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Interviews | October 6, 2017

Rossana Orlandi

Her space in Milan is a must for creative people and fashion-makers. A gallerist and talent scout, design guru Rossana Orlandi has identified, year after year, emerging trends about to make history and the pieces destined to become a cult. Just like her own oversized, iconic and totally unmistakable glasses

words Simone Zeni

Your downtown space in Milan is a landmark for artists, designers, creatives and enthusiasts from all over the world. How would you describe it to someone who has never visited it or is likely to visit it? What might they find in your own spaces?

I like to think of my space in the Sant’Ambrogio area not only as a gallery in the narrow sense of the word, but as a sort of home, a place for meeting, sharing, for designers and all of the other characters involved in this discipline.
Over the years, I have had many confirmations that my own vision has been understood perfectly, from those who have visited the Rossana Orlandi Space, and I believe that has been the strength of the project since it began. Inside the space, you can find a selection that goes beyond the logic of the market: in the gallery, as well as in the shop, I have always made sure that everything I love and find striking is there.

From the opening of the Rossana Orlandi space up to now, what do you think have been the biggest changes in the ways of designing?

When I started out, I had mostly foreign designers in my gallery, mainly Dutch and that was understandable; in the Netherlands an entire generation of designers who were eager to get their hands dirty had emerged at about that time. They weren’t merely confining themselves to pure design, but were also helping to produce their own collections. I have to say that nowadays, this attitude has conquered most of the younger Italians who have, accordingly, started to gather in my space.

What aspects of your work do you prefer, and what pleases you most now?

I can genuinely say that I am really proud of many of the rookie designers, those just starting out, who over the years have been hosted in my spaces, as it has given them not only visibility, but also by comparison, enabled them to expand their network of contacts, which is a fundamental aspect of this work too. Among them Maarten Baas, Nacho Carbonell, Nika Zupanc, Front Design, Formafantasma, Manuela Crotti, Sebastian Wrong, Scholten and Baijings, Enrico Marone Cinzano. And then there is Piet Hein Eek, I was the first to propose him outside Holland and in recent years he has established himself as one of the most interesting designers and manufacturers in the international scene.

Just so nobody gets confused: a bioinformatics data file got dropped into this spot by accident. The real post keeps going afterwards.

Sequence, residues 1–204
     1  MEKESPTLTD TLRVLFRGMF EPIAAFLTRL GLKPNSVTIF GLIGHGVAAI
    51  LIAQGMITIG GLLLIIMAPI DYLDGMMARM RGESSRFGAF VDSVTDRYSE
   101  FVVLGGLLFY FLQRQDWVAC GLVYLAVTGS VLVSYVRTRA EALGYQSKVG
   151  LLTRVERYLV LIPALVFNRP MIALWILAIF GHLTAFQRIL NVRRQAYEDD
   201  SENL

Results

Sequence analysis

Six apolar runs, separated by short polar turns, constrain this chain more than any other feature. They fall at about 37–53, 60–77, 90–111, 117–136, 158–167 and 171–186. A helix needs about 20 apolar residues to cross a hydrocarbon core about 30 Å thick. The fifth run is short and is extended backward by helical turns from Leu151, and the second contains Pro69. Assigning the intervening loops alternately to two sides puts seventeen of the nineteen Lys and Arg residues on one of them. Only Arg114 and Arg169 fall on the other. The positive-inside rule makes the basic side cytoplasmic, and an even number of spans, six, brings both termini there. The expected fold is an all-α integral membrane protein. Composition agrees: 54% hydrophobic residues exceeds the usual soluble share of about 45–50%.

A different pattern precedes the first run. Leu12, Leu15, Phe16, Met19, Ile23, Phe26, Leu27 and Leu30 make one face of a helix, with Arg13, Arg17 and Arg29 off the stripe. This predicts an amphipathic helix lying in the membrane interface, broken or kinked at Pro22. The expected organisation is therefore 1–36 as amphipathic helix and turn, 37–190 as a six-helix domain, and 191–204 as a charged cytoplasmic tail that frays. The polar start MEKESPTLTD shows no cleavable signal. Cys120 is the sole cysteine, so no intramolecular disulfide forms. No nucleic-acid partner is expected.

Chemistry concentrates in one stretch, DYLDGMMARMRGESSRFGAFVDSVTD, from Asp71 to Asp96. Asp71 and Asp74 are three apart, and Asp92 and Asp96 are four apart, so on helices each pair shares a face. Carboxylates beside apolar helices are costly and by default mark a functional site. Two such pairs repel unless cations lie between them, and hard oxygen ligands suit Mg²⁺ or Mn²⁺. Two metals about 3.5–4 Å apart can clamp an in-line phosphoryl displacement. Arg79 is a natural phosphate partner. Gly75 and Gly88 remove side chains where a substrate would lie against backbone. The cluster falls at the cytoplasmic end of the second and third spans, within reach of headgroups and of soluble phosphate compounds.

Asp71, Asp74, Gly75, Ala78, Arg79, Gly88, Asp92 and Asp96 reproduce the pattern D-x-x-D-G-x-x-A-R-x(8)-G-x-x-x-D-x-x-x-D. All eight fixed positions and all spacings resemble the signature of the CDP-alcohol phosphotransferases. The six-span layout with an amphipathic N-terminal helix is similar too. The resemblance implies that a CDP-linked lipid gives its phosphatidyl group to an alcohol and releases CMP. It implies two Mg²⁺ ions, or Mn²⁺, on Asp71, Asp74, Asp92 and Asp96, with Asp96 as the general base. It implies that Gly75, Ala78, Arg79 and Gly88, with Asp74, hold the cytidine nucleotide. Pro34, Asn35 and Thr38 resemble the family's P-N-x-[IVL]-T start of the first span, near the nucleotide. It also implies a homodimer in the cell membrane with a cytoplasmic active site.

The world of design is a constellation of the iconic pieces that have succeeded because creative people and companies launched them onto the market in the most successful period. In your opinion, are there any must haves that a collector or a simple enthusiast just has to own?

In my space, I have two pieces that I genuinely consider very representative of my design concepts; its right that everyone should focus on what they find most striking or exciting. The first of my pieces is a wooden S Chair designed by Verner Panton, the other is a chair that the same Danish designer, who disappeared in 1998, designed for Ikea in the 1990s. This choice clearly represents my love not only for research projects or gallery productions, but also for a certain kind of democratic design that enables everyone to approach this world of creativity.

As regards iconic pieces: your own look is strongly characterised by massive glasses, a detail that everyone can identify you by immediately and that you wear at every occasion. Can you tell us their story?

To cut a long story short, the story of this pair of glasses is much simpler and shorter than you’d imagine. They came into my life by accident, spontaneously: I found them when I opened a drawer in my sister’s house, I liked them immediately, and since then, I can confirm, I have never taken them off.

Are there any fashion or eye-wear brands that you find particularly interesting or that you refer to?

To be honest, there are a lot that I always love, in the way they are communicated and produced, from the Missoni fashion house, as well as those by Antonio Marras. Nowadays, I can also appreciate the work of Jeremy Scott, with the ironic originality that distinguishes him, since he’s been working for Moschino.

What advice would you give a design and fashion illiterate, who is about to buy their first pair of glasses, readers or sunglasses, whichever? What characteristics of a product so small and so important do you find striking?

In my opinion, even before you look at the aesthetic appearance, you have to look at two characteristics: glasses must be comfortable and enable you to see as clearly and as far as possible. It’s not by chance that mine are huge…